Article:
Enough! Our synapses have fused from the combined heat of outrage and overload. The O.J. Simpson trial is a howling Roman circus, with lawyers on both flanks as its ringmasters, clowns, elephants, acrobats and barkers. If this farce passes as responsible jurisprudence, the editors of this newspaper can pass as the Rockettes.
Morning after torturous morning, with our every forkful of breakfast, the legal rugbeaters are at it on television, flaying yet another sensationalistic mote out of this miserable affair. Now it's the glove. Somebody is accusing somebody else of having picked the bloody thing up here, moved it over there, and miscarried justice into the bargain.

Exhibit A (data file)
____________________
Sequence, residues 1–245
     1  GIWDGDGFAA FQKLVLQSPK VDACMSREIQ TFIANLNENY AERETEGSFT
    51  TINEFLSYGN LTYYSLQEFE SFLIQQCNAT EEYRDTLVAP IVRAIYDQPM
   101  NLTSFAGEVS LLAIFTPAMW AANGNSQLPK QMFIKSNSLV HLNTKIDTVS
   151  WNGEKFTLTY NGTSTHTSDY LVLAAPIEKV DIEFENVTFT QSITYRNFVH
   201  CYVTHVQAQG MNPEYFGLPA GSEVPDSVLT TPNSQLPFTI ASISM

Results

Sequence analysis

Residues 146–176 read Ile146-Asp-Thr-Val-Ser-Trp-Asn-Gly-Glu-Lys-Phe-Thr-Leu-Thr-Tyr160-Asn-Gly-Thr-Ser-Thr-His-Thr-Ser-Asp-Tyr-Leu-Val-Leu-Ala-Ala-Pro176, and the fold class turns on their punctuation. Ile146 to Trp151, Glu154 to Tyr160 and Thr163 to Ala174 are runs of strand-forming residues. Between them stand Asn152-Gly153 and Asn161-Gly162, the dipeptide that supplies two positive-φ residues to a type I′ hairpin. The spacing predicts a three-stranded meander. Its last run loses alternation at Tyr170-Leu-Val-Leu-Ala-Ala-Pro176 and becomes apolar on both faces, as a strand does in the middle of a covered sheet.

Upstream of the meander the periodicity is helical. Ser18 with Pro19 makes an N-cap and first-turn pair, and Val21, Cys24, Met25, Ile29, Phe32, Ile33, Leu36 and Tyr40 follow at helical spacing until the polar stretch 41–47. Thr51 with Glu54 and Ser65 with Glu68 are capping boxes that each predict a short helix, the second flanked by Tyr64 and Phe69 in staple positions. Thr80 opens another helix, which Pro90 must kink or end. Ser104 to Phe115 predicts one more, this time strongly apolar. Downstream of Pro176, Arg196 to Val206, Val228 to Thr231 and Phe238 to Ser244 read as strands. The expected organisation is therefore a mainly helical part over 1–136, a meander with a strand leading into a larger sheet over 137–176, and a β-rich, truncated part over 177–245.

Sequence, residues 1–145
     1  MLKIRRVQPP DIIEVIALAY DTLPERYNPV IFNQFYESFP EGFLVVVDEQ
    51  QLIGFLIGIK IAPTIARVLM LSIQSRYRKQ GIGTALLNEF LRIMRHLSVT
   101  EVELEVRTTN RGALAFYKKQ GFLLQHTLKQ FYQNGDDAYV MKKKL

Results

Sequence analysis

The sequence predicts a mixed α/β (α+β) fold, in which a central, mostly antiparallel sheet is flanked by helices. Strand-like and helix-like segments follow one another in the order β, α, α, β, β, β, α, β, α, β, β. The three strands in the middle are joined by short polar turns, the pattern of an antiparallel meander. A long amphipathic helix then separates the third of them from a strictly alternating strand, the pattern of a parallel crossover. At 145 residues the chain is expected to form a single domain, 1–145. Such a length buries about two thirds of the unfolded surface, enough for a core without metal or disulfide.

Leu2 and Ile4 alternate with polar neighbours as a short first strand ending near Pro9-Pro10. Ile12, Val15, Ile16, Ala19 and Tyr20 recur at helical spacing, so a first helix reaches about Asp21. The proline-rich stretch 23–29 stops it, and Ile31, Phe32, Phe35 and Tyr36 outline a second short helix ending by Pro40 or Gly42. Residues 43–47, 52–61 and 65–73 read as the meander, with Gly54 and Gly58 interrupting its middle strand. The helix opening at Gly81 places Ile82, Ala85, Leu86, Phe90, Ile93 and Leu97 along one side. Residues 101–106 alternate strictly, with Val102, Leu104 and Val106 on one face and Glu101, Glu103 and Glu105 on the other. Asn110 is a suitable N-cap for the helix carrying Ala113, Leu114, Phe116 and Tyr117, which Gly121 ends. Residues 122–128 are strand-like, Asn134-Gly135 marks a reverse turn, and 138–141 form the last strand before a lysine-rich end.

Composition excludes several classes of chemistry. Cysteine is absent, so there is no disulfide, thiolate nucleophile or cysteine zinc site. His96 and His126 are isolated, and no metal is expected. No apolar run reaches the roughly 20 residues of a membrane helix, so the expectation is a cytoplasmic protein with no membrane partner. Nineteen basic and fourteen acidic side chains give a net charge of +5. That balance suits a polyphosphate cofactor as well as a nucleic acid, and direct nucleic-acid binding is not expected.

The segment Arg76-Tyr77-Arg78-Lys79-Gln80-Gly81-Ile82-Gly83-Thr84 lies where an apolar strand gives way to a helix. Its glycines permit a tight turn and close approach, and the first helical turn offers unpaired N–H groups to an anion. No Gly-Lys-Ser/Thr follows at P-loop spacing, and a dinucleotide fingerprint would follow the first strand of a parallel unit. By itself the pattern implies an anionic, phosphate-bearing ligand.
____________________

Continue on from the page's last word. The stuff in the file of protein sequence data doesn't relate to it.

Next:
Justice? At what tavern have these imposters been swilling such bootleg notions of justice? There was a time when members of the legal profession showed a passing interest in professional ethics — thought about it, wrote about it, and occasionally even practiced a little of it. A client's case was something to be researched in the law library, argued in the courtroom, and stuffed into a briefcase until the next day.
All relics now. A lawyer can't try a case these days without engaging a media consultant to arrange press conferences, a spin doctor to make lies sound like Sunday school lessons, and a script writer to make a not-guilty plea resonate like a blast from Pericles.
Well, now they are silenced, the whole boiling lot of them. We have turned off the television, unplugged it from the wall, locked it in a closet and dismantled the rooftop antenna. Beginning this morning, the Simpson circus is not permitted to come honking and thumping through our kitchen, rattling our composure and curdling our grits. Breakfast, we discover, goes down fine without O.J.